Panic attacks are characterized by feelings of fear, dread, and uncomfortable physical symptoms. These attacks are not classified as a mental health disorder on their own, but typically occur as a part of a mental illness or medical condition. Panic attacks are classified into two types: expected and unexpected. The following describes the symptoms and different types of panic attacks.
The Symptoms of Panic AttacksThe Diagnostic and Statistical Manual of Mental Disorders, fifth edition, (DSM-5) is the handbook used by mental health providers in making accurate diagnoses. According to the diagnostic criteria listed in the DSM-5, panic attacks are experienced as a sudden sense of fear and dread plus 4 or more of the following mental, emotional, and physical symptoms:
- Heart palpitations or accelerated heart rate
- Excessive sweating
- Trembling or shaking
- Shortness of breath or smothering sensations
- Feeling of choking
- Chest pain or discomfort
- Nausea or abdominal pain
- Feeling dizzy, unsteady, lightheaded, or faint
- Chills or hot flashes
- Derealization and/or depersonalization
- Fear of losing control or going crazy
- Fear of dying
- Feelings of numbness or tingling sensations (paresthesias)
The symptoms of panic attacks typically occur rapidly and peak within minutes. Once a panic attack has subsided, the symptoms can taper off completely or the panic sufferer can remain in an anxious state, possibly repeating the panic attack cycle again. Limited symptom panic attacks occur when all criteria are met, but the person experiences less than four of the listed symptoms.
Types of Panic AttacksNot only can panic attacks vary in intensity and duration, but they can also differ according to what prompted the attack. The DSM-5 lists two separate and distinct types of panic attacks:
Expected panic attacks – These panic attacks are anticipated when one is subjected to specific cues or panic triggers. For instance, a person who has a fear of enclosed spaces (claustrophobia) may expect to have panic attacks when in an elevator or other cramped areas. A person who has a fear of flying (aerophobia) may predictably have a panic attack when boarding a plane, at the time of take off, or at some time during the flight.
Unexpected Panic Attacks – These panic attacks occur suddenly without any obvious cause or indication. When an unexpected panic attack occurs, the person can be completely relaxed before symptoms develop. This type of panic attack does not accompany any conscious internal cues, such as having fearful thoughts, feelings of intense dread and anxiety, or uncomfortable physical sensations. Unexpected attacks also do not occur with external cues, such as specific phobias or being exposed to a frightening event or situation.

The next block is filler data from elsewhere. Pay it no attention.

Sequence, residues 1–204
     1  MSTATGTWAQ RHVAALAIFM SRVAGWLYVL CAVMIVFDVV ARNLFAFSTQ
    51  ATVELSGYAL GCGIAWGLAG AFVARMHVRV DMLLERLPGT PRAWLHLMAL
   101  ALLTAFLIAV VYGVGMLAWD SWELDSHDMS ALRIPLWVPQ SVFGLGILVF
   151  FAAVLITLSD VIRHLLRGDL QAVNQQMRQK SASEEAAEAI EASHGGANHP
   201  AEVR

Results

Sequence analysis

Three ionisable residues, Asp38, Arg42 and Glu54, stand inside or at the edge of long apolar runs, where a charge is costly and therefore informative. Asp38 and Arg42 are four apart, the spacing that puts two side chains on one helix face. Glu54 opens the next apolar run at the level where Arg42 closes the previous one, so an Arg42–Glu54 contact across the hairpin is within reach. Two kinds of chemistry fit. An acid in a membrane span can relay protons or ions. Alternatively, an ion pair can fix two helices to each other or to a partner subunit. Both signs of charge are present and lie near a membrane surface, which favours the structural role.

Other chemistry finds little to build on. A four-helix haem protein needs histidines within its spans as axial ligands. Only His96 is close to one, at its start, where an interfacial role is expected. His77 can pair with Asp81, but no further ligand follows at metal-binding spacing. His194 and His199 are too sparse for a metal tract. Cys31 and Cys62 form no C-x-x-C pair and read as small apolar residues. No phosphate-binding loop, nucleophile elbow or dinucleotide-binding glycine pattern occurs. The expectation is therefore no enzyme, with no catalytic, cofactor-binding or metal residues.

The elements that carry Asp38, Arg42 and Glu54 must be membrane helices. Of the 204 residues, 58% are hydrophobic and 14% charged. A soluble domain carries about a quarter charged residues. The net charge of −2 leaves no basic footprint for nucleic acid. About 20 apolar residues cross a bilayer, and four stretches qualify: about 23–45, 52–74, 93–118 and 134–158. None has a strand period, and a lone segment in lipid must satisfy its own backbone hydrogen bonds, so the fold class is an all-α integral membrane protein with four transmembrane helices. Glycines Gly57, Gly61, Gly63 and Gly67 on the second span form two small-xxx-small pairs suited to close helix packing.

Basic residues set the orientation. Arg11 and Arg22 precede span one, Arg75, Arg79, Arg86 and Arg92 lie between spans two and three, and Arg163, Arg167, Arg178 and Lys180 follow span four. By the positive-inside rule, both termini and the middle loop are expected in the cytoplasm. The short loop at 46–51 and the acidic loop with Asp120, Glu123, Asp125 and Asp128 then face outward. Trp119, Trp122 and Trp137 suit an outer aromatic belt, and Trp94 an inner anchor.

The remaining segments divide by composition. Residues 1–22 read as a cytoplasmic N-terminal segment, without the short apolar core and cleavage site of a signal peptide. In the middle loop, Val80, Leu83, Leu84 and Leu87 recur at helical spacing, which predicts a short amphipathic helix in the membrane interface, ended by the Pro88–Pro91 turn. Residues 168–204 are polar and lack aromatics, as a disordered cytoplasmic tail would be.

Having experienced one unanticipated panic attack is usually a sign that the person can expect to have more of them in the future. Persistent and unexpected panic attacks are the hallmark feature of panic disorder. People diagnosed with panic disorder may also be subject to having nocturnal panic attacks, a type of unexpected panic attack that occurs when a person is sound asleep and waking them up with panic symptoms.
A person with panic disorder may experience great limitations due to panic attacks. For example, panic sufferers may spend a significant amount of time worrying about future panic attacks and may even avoid certain places and situations that they believe will contribute to the possibility of having a panic attack. Additionally, many people with panic disorder deal with loneliness and isolation, feeling ashamed of their symptoms and fearing that others would negatively judge them for their panic symptoms.
Panic Attacks and DiagnosisPanic attacks are most often associated with a diagnosis of panic disorder, but can listed as a specifier for other mental health disorders. Panic attacks are often related to mood and anxiety disorders, such as agoraphobia, post-traumatic stress disorder (PTSD), social anxiety disorder (SAD), specific phobias, obsessive-compulsive disorder (OCD), generalized anxiety disorder (GAD), bipolar disorder, major depressive disorder. These attacks can also occur in conjunction with a variety of mental health disorders, including personality disorders, eating disorders, and substance-related disorders.
If you are experiencing panic attacks, you doctor or qualified mental health provider can determine if your panic symptoms are an indication that you have panic disorder or a different condition. Your practitioner can provide you with an accurate diagnosis and proper treatment plan. The earlier you get treated for your panic symptoms, the sooner you can expect to manage your panic attacks.
American Psychiatric Association (2013). Diagnostic and Statistical Manual of Mental Disorders (5th ed.). Washington, DC: Author.